AbstractA community coalition is a formal alliance of organisations, groups and agencies that have come together for a common goal. Collaborative partnerships between the health professionals and the communities they serve have received attention as a strategy for achieving health gain and are spreading globally. This partnership approach has a potential for a synergistic maximization of impact and has been advocated as a means to increase citizen participation and ownership among under-privileged groups. Despite the popular appeal and theoretical promise of this approach, the precise domains that need to be fostered by the stakeholders to implement this complex model remain unclear.
The aim of this study was to investigate and compare the characteristics and perceptions of the CPs' stakeholders as regards the structural characteristics and operational parameters of the partnerships, as well as the correlates of effectiveness and impact for each participant group. Of particular interest was to identify the characteristics which enable partnerships to fulfill their organizational tasks and goals, regardless of the scope or complexity of purpose.
The five CPs were located across South Africa and aimed at Health Professions Education reforms. Quantitative data was collected from 668 coalition members and qualitative data from 46 strategic participants. The partnerships' documents were also scrutinized and ample participant observations were undertaken. The data was then pooled and the comparison groups were constructed: the professionals, comprising of staff from the academic institutions and the health service providers, the community members and the full-time paid employees of the partnerships, the core staff.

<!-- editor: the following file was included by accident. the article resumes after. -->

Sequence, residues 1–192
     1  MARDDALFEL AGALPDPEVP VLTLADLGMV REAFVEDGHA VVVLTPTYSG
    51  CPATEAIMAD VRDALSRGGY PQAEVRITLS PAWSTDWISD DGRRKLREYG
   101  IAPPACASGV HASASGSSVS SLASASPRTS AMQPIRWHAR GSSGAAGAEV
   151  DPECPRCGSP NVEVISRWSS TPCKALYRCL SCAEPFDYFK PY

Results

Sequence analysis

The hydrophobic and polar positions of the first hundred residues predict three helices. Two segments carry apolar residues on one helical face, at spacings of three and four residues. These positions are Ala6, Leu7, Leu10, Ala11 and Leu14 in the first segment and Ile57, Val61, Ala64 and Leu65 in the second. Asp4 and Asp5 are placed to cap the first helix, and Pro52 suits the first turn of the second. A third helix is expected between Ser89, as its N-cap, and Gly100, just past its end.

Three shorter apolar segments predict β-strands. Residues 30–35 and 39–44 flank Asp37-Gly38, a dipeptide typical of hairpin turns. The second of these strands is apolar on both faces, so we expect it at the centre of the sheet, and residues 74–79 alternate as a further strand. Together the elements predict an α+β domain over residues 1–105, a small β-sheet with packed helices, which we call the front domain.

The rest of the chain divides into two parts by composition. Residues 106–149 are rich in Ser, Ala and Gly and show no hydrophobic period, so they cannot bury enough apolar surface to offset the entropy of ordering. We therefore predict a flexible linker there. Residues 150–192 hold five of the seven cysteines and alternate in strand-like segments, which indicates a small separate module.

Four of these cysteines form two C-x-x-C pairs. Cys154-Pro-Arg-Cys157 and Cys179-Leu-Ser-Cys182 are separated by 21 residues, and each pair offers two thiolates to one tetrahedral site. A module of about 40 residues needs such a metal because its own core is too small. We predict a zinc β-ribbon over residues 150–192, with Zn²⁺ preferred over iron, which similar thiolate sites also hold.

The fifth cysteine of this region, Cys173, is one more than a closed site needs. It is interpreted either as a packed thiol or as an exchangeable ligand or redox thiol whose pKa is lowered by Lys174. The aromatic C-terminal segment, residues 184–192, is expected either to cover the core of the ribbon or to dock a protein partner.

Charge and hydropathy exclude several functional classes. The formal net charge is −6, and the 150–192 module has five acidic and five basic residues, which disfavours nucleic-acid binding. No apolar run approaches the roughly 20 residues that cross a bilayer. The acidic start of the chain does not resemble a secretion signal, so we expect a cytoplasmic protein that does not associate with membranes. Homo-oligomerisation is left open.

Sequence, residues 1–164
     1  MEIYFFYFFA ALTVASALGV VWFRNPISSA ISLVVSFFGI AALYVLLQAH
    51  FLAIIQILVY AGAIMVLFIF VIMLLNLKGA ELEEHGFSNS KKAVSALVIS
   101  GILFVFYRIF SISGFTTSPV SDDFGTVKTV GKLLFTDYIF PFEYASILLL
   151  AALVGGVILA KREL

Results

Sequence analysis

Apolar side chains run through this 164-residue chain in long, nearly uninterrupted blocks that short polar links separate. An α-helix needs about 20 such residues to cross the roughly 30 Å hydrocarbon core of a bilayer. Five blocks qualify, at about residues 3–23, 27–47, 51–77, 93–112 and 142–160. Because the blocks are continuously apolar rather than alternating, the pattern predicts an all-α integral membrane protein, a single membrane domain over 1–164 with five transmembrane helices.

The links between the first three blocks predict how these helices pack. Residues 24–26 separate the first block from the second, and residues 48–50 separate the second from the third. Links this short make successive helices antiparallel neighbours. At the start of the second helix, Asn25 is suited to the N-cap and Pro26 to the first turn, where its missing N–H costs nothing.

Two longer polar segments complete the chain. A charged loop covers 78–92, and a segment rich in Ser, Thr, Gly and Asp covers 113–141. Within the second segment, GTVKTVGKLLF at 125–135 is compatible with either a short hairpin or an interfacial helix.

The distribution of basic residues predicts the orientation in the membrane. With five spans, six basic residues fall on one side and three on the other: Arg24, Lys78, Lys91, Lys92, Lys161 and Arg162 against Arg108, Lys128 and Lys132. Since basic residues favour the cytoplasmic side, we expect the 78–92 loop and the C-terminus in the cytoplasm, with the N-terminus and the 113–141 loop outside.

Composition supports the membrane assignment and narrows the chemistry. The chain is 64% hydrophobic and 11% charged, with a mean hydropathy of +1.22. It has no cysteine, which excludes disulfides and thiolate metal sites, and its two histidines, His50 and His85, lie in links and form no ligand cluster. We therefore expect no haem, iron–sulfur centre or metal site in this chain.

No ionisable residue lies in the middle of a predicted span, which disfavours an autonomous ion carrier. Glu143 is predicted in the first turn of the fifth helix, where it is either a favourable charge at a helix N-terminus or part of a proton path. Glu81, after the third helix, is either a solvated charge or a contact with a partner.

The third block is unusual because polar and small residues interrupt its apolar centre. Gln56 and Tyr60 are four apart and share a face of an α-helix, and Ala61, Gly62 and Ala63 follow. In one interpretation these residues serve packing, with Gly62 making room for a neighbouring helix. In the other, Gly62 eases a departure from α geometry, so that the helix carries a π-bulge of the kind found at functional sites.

The analyses of the partner's opinions and views as well as the predictors of accomplishment of diverse stakeholders hold lessons for managers concerned with health coalitions. Generally, training and development seem to be the main thrust of the partnerships' missions. The observation is that clarity of roles, procedures and responsibilities is imperative. Clarity requires transparency to each others agendas. Although there was an under-representation of the youth, there seemed to exist a mixture of various levels of satisfaction in the partnerships, with the community members in need for more sense of ownership. The findings also point to that consultation in decision making seem to be lacking with unilateral decision making taking place. This might lead to power struggles and hidden agendas between the partners that could hamper the advancement of the partnerships.
Explanation of why stakeholders are satisfied or committed or what explains their views on effectiveness and activity levels of their partnerships may inform efforts in other settings. With diverse partners, it is important to be somewhat cautious in the consideration of the stakeholders engaged in these collaborative efforts. Partners working together need not be considered homogenous entities. The groups come from different backgrounds, organizations and cultures. The attitude to be created in collaborative interventions is one of a clear understanding that embraces the different origins and aspirations of the stakeholders and recognises the mutual roles, responsibilities, resources and limits. Only by paying due attention to their individual values and weaving it into a common vision can the partnership process be taken forward.
|Date of Award||Sep 1999|
|Supervisor||Ceri J. Phillips (Supervisor) & Anthony Zwi (Supervisor)|
- Collaborative Partnerships
- health professionals
- South Africa